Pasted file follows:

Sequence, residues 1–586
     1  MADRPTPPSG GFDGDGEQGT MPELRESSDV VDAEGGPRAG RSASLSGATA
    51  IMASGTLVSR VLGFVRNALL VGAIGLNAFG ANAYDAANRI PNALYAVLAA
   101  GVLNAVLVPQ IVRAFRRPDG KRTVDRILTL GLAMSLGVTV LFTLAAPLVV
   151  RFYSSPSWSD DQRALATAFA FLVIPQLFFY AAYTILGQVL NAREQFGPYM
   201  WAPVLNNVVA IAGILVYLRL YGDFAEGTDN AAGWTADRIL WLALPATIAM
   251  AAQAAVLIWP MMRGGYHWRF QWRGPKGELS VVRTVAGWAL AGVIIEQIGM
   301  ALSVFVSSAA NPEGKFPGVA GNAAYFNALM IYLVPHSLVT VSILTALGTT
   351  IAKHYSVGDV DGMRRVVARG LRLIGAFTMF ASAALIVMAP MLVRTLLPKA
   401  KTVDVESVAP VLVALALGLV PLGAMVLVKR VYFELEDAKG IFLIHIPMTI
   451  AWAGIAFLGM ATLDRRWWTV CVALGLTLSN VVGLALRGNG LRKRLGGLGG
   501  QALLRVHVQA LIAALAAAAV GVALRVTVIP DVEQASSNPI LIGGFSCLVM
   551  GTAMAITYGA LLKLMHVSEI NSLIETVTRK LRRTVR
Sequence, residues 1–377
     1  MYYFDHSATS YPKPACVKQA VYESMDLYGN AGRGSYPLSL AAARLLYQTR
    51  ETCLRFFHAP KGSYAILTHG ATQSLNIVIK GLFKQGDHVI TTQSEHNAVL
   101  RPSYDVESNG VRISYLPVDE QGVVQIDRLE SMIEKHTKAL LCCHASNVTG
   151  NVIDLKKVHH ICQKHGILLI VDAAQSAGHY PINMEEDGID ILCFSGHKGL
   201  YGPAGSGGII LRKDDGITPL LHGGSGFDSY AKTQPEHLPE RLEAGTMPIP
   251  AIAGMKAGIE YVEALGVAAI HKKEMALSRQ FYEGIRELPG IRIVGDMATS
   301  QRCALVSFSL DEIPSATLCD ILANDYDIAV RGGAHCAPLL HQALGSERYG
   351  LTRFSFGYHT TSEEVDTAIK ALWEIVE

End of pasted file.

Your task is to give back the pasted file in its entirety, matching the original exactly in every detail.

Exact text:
Sequence, residues 1–586
     1  MADRPTPPSG GFDGDGEQGT MPELRESSDV VDAEGGPRAG RSASLSGATA
    51  IMASGTLVSR VLGFVRNALL VGAIGLNAFG ANAYDAANRI PNALYAVLAA
   101  GVLNAVLVPQ IVRAFRRPDG KRTVDRILTL GLAMSLGVTV LFTLAAPLVV
   151  RFYSSPSWSD DQRALATAFA FLVIPQLFFY AAYTILGQVL NAREQFGPYM
   201  WAPVLNNVVA IAGILVYLRL YGDFAEGTDN AAGWTADRIL WLALPATIAM
   251  AAQAAVLIWP MMRGGYHWRF QWRGPKGELS VVRTVAGWAL AGVIIEQIGM
   301  ALSVFVSSAA NPEGKFPGVA GNAAYFNALM IYLVPHSLVT VSILTALGTT
   351  IAKHYSVGDV DGMRRVVARG LRLIGAFTMF ASAALIVMAP MLVRTLLPKA
   401  KTVDVESVAP VLVALALGLV PLGAMVLVKR VYFELEDAKG IFLIHIPMTI
   451  AWAGIAFLGM ATLDRRWWTV CVALGLTLSN VVGLALRGNG LRKRLGGLGG
   501  QALLRVHVQA LIAALAAAAV GVALRVTVIP DVEQASSNPI LIGGFSCLVM
   551  GTAMAITYGA LLKLMHVSEI NSLIETVTRK LRRTVR
Sequence, residues 1–377
     1  MYYFDHSATS YPKPACVKQA VYESMDLYGN AGRGSYPLSL AAARLLYQTR
    51  ETCLRFFHAP KGSYAILTHG ATQSLNIVIK GLFKQGDHVI TTQSEHNAVL
   101  RPSYDVESNG VRISYLPVDE QGVVQIDRLE SMIEKHTKAL LCCHASNVTG
   151  NVIDLKKVHH ICQKHGILLI VDAAQSAGHY PINMEEDGID ILCFSGHKGL
   201  YGPAGSGGII LRKDDGITPL LHGGSGFDSY AKTQPEHLPE RLEAGTMPIP
   251  AIAGMKAGIE YVEALGVAAI HKKEMALSRQ FYEGIRELPG IRIVGDMATS
   301  QRCALVSFSL DEIPSATLCD ILANDYDIAV RGGAHCAPLL HQALGSERYG
   351  LTRFSFGYHT TSEEVDTAIK ALWEIVE